CC Sabathia is struggling in big games
Another largely important game, another Yankees’ loss. Just when New York got it together long enough to win two close games over a last place team, it figured out a way to lose the opener to the Rays.
This had all the makings of a 2012 Yankees’ loss:
1. Starting pitching incapable of holding a lead or ending a threat without a few runs of damage.
2. Excellent defense by the other team.
3. Costly defense by the Yankees.
4. An Alex Rodriguez home run ultimately meaning nothing.
5. A winnable game where there wasn’t even a real attempt in the ninth.
6. A lack of timely hitting.
This team is not enjoyable. It doesn’t have the fight of the 2009 Yankees. It doesn’t have the health of the 2010 Yankees. It doesn’t have the patience of the 2011 Yankees. This is a team where Curtis Granderson swings at the first pitch with the tying run in scoring position after the previous batter walked on four pitches.
This is a team where CC Sabathia cannot win a big game, or, as of recently, any game. Just for fun, he seems to have a lead every start to blow as well.
This is a team where Eduardo Nunez is starting at shortstop in September and makes yet another big error. It’s frustrating and tiresome. Outside of Derek Jeter, who flailed effortlessly at an 0-2 pitch from Fernando Rodney to end the game, there is not a single hitter or pitcher you can truly say you trust in a big spot.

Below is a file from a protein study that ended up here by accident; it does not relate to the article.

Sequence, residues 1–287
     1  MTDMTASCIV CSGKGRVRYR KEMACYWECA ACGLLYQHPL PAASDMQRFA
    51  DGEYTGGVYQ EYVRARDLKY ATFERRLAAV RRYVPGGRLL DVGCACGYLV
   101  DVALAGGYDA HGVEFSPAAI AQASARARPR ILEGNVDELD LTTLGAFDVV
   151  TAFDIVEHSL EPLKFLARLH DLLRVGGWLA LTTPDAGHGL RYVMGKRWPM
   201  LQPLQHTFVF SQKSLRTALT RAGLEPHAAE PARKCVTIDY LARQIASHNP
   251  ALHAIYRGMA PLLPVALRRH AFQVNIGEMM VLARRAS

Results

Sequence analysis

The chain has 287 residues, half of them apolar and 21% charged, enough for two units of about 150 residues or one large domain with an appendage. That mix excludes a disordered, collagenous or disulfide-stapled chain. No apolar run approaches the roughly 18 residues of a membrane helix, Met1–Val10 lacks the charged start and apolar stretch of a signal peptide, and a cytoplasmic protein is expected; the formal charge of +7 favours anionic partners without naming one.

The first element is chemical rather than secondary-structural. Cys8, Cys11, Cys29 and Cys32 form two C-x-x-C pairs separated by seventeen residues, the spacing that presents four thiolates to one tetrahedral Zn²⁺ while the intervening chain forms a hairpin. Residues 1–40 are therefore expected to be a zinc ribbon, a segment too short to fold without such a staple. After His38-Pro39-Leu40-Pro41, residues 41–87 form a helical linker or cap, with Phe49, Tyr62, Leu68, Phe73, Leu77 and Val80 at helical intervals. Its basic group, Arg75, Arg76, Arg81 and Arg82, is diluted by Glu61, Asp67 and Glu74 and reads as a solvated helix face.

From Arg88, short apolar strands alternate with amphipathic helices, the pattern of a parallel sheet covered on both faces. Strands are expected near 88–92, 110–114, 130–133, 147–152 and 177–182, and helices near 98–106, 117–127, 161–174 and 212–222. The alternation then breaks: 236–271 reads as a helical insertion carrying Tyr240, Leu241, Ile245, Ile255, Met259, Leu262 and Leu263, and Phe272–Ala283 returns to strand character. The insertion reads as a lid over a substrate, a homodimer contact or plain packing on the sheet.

And how could you? They have no wins when trailing after eight innings this year. They have five wins when they don’t hit a home run. They are 29-29 in the second half, and 34-32 since the first day of July. This team is 3-3 in extra innings, 18-22 in one run games and 10 games over .500 against the American League the entire season.
How did the Yankees score their runs?
Home run by Granderson (solo shot of course), two-run homer by A-Rod down three, and a single by journeyman Steve Pearce, who will not be on the playoff roster.
The Rays? A hit there, a walk here, a wild pitch by Sabathia (who had two in one inning), a home run by B.J. Upton (his 18th against the Yankees in his career), a ball that literally went under Eduardo Nunez‘s glove in the ninth inning of a one run game with two outs, opposite field hitting, some bunting and a lot of steals. Three of them to be exact. Elliot Johnson took away a run when Rodriguez hit a soft grounder to second that almost got through but instead was nabbed with a finish to first base.
The Rays were faster, played better defense, were more patient, had the better starter David Price , and the superior bullpen. Now they have a 6-4 victory and have put the Yankees in danger of falling out of first place.
If the Yankees find a way to win the next two games (doubtful since they can’t seem to do anything except squeak two our of three against doormats), they can put Tampa away for the most part. If the Rays lose two out of three they will be five games behind New York with 16 games remaining. Of the 16, the Yankees would have 13 against teams under .500.